It is common for individuals to be anxious about what lay ahead in finding resolution to their family law challenges. The emotional element already makes this a confronting time but so to does fear of the unknown. It’s for this reason we have mapped out your pathway to resolution.
Your Resolution Pathway aims to demystify the process of resolving your family law challenges, including the court processes. Unfortunately, depending on your individual circumstances, the pathway is not always a linear process and sometimes can involve repeating individual steps. But after working through the pathway you will have greater understanding about what’s involved.
As your family law experts, our aim is to guide you through your individual resolution pathway in the way which will deliver you the best outcome, in the shortest possible time and with as little intervention (courts, lawyers and otherwise) as possible.
We know your best life is ahead of you.
The first step in Your Resolution Pathway is for you to book a time to meet with one of our Family Law experts for an initial consultation. The initial consultation is a great place to start for a couple of reasons.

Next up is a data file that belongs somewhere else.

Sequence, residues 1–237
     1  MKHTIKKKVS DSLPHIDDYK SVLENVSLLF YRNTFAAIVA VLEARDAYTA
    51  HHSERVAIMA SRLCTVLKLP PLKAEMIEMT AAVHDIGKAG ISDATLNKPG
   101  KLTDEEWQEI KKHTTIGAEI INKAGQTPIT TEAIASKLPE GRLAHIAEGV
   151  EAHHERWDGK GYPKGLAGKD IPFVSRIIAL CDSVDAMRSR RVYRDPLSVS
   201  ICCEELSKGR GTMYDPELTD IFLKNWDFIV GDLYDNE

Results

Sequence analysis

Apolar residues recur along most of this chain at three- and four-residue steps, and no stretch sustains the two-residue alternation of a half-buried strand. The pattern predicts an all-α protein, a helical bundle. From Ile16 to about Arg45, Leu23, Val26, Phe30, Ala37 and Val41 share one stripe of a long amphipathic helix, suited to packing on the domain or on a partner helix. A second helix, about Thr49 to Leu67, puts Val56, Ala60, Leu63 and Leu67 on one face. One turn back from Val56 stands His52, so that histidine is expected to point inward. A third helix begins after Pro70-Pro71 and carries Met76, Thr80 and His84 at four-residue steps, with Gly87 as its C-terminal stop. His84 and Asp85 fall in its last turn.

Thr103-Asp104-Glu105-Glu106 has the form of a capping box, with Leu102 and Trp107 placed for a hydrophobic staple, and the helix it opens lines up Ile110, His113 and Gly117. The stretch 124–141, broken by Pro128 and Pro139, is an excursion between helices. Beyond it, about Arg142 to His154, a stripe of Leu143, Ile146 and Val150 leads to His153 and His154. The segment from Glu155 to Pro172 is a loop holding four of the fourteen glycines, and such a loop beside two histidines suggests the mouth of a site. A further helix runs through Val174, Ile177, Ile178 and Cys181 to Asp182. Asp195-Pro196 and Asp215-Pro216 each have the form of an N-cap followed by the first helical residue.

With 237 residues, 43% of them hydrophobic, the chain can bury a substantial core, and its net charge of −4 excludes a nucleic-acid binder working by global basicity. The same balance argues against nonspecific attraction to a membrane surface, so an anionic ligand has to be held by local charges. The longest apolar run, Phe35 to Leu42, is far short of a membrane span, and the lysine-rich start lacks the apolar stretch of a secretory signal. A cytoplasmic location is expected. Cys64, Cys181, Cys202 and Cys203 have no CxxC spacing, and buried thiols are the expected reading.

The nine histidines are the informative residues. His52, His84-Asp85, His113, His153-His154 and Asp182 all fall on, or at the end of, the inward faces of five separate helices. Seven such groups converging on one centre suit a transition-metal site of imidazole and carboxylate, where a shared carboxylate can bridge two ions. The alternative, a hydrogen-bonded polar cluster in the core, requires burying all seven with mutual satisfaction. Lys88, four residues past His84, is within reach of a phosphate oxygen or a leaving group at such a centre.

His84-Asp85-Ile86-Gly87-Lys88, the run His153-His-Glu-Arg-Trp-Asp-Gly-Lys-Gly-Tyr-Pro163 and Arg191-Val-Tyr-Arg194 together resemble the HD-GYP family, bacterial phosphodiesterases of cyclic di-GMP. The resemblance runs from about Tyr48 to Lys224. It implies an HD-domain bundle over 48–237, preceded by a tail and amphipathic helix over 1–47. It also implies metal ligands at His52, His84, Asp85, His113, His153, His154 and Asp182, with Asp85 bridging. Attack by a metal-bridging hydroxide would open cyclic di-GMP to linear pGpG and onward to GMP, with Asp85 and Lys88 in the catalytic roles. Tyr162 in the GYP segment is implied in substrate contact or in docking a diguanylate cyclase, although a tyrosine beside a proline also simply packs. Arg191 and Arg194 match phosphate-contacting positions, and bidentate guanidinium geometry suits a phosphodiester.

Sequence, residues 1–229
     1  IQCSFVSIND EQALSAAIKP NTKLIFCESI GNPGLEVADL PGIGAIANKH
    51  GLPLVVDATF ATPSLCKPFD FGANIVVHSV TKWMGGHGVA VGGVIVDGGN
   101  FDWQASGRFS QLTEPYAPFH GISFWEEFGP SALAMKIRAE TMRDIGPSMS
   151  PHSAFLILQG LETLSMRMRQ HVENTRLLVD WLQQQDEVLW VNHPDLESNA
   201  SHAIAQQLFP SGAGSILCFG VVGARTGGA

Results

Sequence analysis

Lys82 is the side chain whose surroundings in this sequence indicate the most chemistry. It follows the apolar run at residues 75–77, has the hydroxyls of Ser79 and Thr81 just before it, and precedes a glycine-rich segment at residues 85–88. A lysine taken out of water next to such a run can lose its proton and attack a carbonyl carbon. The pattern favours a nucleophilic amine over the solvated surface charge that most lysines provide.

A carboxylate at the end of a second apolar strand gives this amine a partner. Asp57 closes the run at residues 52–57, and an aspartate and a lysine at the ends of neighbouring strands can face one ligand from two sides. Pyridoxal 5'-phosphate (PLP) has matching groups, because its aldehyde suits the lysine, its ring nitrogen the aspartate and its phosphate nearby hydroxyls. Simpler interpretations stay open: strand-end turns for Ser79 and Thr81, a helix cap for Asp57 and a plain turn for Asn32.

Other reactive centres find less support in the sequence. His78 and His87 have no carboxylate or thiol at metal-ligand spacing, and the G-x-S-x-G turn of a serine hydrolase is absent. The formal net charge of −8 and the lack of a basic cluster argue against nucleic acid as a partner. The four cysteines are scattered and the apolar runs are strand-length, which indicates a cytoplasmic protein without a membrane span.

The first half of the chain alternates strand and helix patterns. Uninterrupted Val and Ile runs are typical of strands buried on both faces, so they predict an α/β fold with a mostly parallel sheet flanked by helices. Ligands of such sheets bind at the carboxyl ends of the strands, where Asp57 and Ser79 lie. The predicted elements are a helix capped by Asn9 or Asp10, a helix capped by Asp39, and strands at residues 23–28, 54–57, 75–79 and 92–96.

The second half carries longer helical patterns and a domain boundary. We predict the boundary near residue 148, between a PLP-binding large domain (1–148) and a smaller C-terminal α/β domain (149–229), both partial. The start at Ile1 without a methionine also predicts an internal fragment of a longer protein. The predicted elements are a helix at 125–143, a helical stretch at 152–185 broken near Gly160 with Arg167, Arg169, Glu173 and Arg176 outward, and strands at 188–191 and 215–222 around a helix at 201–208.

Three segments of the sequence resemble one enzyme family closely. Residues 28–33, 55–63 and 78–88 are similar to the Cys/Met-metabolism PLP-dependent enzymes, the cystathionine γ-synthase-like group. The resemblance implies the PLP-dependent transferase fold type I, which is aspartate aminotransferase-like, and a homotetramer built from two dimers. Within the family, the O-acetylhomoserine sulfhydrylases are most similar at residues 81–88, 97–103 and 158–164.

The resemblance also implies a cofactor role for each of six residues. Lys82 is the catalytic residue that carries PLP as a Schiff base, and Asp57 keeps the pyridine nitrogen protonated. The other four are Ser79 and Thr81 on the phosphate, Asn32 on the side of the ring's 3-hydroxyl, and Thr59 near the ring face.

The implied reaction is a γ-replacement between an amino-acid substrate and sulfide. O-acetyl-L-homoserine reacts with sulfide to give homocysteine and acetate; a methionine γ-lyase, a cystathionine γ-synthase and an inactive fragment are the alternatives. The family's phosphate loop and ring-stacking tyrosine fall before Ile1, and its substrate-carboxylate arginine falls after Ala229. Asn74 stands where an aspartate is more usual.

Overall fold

You get to meet with your own family law expert. It’s important to understand this is not a one-off transaction, but a relationship. We’re going to be working together for some time and dealing with some fairly personal things. You need to feel comfortable with your lawyer and your team. You need to be able to trust us. We need to be able to trust you. This is essential in securing the best outcome for you.
You have an opportunity to tell us what’s been going on for you – what got you to this point, where you are now, and what you’re looking to achieve. We listen, ask plenty of questions, and begin to provide you with legal advice.